KARACHI: The Pakistani currency gained Rs5.79 in early morning interbank trade as the local unit continued its winning streak against the dollar for the fifth consecutive day on Thursday.
The greenback was trading at Rs223.
The rupee closed at 228.80 on Wednesday after recording its highest single-day gain against the foreign currency. The dollar had slumped 4.19% against the rupee, the highest since November 2, 1998, when the greenback fell by Rs5.10.
The local unit is gaining ground on the back of higher inflows from exporters and decreased import payments, with hopes that the cash-strapped country was getting closer to securing a bailout from the International Monetary Fund (IMF) boosting sentiment.
The latest trade numbers showing a decline in import numbers also helped in appreciation of the rupee.
Speaking to Geo News today, Exchange Companies Association of Pakistan (ECAP) Chairman Malik Bostan said the current government’s promises would take time to complete earlier, but this time around, just a few days after Finance Minister Miftah Ismail mentioned that Pakistan’s import bill will reduce, it actually fell by $2 billion.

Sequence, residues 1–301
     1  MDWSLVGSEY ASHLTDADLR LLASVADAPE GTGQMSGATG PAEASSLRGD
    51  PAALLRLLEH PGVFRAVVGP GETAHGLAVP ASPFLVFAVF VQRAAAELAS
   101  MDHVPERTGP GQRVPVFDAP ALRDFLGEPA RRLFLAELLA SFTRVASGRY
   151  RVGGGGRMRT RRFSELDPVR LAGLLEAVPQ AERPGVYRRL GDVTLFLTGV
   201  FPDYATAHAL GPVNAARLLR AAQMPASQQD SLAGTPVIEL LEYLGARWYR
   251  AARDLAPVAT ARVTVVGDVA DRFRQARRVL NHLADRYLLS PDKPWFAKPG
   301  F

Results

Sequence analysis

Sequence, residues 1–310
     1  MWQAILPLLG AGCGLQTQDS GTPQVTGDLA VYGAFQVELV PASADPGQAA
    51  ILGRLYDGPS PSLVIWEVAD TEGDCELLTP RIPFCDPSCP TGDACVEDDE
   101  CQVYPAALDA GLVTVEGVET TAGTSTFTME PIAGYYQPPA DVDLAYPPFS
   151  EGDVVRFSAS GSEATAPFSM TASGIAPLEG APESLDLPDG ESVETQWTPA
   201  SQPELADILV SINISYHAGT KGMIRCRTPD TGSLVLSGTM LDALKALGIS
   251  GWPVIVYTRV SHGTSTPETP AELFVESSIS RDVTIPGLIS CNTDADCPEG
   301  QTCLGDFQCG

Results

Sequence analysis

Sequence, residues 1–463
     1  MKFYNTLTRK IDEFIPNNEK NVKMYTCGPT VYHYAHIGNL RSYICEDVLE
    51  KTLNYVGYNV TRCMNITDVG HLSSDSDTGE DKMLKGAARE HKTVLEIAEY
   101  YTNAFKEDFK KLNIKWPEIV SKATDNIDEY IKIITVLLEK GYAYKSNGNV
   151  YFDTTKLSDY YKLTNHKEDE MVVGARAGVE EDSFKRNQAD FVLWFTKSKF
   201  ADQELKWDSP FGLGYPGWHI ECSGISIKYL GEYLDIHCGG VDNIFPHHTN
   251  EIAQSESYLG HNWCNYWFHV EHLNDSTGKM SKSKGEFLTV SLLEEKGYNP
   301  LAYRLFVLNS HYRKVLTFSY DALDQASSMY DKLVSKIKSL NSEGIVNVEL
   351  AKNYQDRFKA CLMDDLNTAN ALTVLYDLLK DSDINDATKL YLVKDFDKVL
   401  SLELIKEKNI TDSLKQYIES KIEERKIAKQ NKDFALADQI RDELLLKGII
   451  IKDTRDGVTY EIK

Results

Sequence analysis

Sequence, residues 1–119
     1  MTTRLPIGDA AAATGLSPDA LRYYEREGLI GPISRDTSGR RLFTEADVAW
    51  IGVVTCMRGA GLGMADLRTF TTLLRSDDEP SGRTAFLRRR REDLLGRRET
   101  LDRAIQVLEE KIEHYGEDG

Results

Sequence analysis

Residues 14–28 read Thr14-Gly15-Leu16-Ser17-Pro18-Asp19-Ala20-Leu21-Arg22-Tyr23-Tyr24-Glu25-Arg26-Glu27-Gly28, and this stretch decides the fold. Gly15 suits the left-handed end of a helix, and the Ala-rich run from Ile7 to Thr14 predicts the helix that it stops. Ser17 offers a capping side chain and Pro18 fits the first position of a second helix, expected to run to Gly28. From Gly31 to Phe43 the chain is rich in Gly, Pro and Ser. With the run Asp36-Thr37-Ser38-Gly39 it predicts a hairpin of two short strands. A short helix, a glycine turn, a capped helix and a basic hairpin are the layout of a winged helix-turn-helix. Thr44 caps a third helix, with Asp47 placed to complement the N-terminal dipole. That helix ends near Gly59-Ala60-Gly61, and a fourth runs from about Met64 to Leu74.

Data from the Pakistan Bureau of Statistics (PBS) has shown that imports have plunged by 38.3% over the previous month as a sizable cut in imports was witnessed after the government banned a number of luxury items to manage the shortage of dollars in the economy.
Apart from this, Chief of Staff Army (COAS) General Qamar Javed Bajwa recently spoke to US Deputy Secretary of State Wendy Sherman to help expedite the IMF’s loan programme revival.
Bostan said that just following this, the money lender issued a statement that Pakistan has fulfilled all the prerequisites for the combined seventh and eighth reviews of the Extended Fund Facility — showing that the army chief’s call played its role.
IMF’s Resident Representative for Pakistan Esther Perez Ruiz said in a statement Tuesday that a board meeting is tentatively scheduled for late August once adequate financing assurances are confirmed.
In case the IMF releases the $1.2 billion later in August, Bostan said the dollar could fall to 190-180 against the Pakistan rupee and will continue to break records.
“…this was the actual level of the dollar. Before the political instability in the country and the Punjab by-elections — which upset everything, including the markets — the dollar wasn’t at such highs,” he said.
The forex trader added that earlier there were fears about whether the government might survive or not, but now, after the Election Commission of Pakistan’s verdict on PTI’s prohibited funding, the coalition has decided to approach the Supreme Court — signalling that it is here to stay.